Demonstration of unique counter-IED analysis laboratory at NATO Headquarters
In Iraq, Afghanistan or elsewhere, improvised explosive devices (IEDs) are among the main causes of military and civilian casualties. To counter this type of threat, France has created a counter-IED analysis laboratory.
On 13 December 2016, over 100 counter-IED experts from NATO member and partner countries attended a demonstration of the French Counter-IED Exploitation Laboratory (CIEL) at NATO Headquarters.
The laboratory is the kind of equipment that could plug a capability gap for the member and partner countries in the short term by providing means of analysing the threat and thereby supporting national forces.
"The CIEL laboratory is unique and meets the needs of those in the field perfectly," says Jamie Shea, NATO Deputy Assistant Secretary General for Emerging Security Challenges. "It's easy to deploy, flexible and modular. This type of capability will help give the armed forces a technological edge and better meet the challenges we face."
Identifying and defeating networks
An IED is an unconventional explosive weapon that can take any shape and be activated in various ways. Their adaptability to almost any situation makes them hard to detect and neutralise.
IEDs are also increasingly sophisticated, while remaining easy to obtain and cheap. Most of their components can either be bought on the open market (such as electronic components and chemical fertilisers) or are easy to obtain through smuggling, criminal networks or corruption.
"That's why countering this threat involves not just neutralising the explosive device but above all identifying and defeating the networks that make, procure and plant IEDs," explains Françoise Perret, who is dealing with NATO's Defence Against Terrorism work programme in the Counter-Terrorism Section of the Emerging Security Challenges Division. To achieve that end, intelligence and information analysis are crucial.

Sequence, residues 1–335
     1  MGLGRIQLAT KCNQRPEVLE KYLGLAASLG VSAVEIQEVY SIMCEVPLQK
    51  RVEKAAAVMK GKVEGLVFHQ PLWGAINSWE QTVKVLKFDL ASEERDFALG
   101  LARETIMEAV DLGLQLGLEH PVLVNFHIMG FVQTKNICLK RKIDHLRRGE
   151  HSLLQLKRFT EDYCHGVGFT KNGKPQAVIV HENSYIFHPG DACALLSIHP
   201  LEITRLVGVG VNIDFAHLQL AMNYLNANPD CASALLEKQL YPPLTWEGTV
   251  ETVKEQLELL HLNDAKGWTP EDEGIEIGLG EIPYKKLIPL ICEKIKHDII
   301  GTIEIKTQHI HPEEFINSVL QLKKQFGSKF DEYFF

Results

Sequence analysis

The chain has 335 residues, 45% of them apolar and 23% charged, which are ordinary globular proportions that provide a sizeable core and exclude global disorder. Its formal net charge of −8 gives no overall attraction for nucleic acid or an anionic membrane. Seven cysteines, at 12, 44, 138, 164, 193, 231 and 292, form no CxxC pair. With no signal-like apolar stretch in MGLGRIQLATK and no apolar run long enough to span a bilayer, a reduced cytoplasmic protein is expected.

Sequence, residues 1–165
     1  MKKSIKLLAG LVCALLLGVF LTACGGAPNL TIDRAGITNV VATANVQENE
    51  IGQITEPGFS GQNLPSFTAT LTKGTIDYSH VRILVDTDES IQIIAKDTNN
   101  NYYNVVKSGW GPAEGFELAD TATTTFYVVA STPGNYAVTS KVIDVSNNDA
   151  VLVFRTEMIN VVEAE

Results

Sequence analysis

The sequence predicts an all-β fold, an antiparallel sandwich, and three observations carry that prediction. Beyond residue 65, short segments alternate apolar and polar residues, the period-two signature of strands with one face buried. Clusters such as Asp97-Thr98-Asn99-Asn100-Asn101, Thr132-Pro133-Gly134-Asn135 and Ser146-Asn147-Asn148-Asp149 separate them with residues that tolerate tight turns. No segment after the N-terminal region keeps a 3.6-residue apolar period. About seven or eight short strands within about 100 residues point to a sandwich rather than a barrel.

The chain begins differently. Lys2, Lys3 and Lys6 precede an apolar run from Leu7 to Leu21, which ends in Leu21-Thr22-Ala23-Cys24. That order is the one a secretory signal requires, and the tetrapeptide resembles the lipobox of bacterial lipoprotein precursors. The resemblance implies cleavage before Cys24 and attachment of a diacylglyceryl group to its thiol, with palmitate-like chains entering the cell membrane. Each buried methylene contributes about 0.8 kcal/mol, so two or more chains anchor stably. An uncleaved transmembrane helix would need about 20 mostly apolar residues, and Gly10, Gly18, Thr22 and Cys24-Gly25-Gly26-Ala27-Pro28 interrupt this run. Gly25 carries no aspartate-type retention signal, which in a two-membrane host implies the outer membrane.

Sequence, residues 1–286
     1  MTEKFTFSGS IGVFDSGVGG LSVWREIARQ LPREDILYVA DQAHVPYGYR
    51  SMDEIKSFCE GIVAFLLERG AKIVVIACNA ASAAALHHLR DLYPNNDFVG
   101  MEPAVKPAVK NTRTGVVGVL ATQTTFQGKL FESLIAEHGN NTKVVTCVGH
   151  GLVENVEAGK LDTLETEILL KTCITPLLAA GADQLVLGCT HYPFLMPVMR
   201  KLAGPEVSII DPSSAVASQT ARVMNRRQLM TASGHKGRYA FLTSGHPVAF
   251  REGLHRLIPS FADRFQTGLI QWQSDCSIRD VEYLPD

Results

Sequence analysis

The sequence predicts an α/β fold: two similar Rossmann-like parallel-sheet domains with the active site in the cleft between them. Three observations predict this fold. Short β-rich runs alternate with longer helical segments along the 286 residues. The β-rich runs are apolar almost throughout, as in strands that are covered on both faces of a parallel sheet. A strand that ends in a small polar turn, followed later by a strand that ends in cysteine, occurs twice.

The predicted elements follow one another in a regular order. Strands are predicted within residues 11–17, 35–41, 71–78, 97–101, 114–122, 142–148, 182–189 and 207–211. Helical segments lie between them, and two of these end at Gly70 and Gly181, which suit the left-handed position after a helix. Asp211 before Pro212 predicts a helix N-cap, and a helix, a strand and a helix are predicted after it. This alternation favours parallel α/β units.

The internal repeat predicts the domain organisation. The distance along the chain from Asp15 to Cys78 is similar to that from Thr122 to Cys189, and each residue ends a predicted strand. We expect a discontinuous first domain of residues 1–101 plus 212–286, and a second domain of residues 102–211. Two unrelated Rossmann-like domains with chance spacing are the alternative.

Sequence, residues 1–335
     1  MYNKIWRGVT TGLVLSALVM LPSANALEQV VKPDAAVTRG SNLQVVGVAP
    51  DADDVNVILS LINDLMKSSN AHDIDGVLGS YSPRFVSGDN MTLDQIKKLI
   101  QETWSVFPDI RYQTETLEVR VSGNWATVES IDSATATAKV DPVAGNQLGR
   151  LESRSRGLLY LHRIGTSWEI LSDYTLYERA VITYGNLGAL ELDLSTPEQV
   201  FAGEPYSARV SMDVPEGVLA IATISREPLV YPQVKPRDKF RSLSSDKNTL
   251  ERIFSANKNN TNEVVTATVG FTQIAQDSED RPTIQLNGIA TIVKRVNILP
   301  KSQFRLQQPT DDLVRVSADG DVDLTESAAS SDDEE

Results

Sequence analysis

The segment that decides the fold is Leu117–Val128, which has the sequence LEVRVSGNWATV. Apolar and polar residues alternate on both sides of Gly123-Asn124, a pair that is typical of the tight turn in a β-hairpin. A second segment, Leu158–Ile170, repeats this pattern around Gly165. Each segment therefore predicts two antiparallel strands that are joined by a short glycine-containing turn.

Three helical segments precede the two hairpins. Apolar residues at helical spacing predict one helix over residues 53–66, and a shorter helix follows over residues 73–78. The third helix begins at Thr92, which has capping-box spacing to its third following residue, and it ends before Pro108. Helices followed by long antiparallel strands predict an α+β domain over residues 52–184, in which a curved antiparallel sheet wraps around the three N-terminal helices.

A compact and rapidly deployable laboratory
CIEL during its first deployment in Mali
"The CIEL laboratory was designed with the dual objective of protecting forces by adapting our tactics through analysis of evidence found in operational searches or of IED remnants after an explosion, and attacking the networks by identifying those who made and planted the device, through forensic analysis and DNA sampling," explains Lieutenant-Colonel Charles, Director of Research, Analysis and Information Management, Joint Munitions and Explosive Device (MUNEX) Threat Processing Unit, French Ministry of Defence.
CIEL consists of five specialists who each conduct investigations in their area of expertise: chemistry, electronics, forensics and explosive ordnance disposal (EOD). It also has hi-tech, light and transportable analysis equipment designed to be deployable at very short notice if needed in an external theatre of operations. "The laboratory takes up only 1 m3, or the equivalent of eight boxes, weighs only 300 kg and can be deployed in under an hour," adds Lieutenant-Colonel Charles.
An interoperable database accessible in real time
The laboratory is supported by a unique database containing over 60,000 events, i.e. devices that have already exploded or have been discovered in the field. "One of the functions that really interests our NATO partners is the software's ability to predict events that could occur in the future," says Lieutenant-Colonel Charles. "It can identify places where a threat may arise. We have been able to test it successfully in Mali," he adds. The database meets NATO interoperability standards and can be shared and enriched by NATO member states, in real time.
CIEL is a product of France's experience in Afghanistan and was successfully deployed in Mali in 2015. It was also tested during exercise “Citadel Kléber 2015" with a view to NATO certification of the French Allied Rapid Reaction Corps Headquarters, which will enable France to lead the NATO Response Force (Land Component) in 2017. Similar developments are underway in the maritime domain.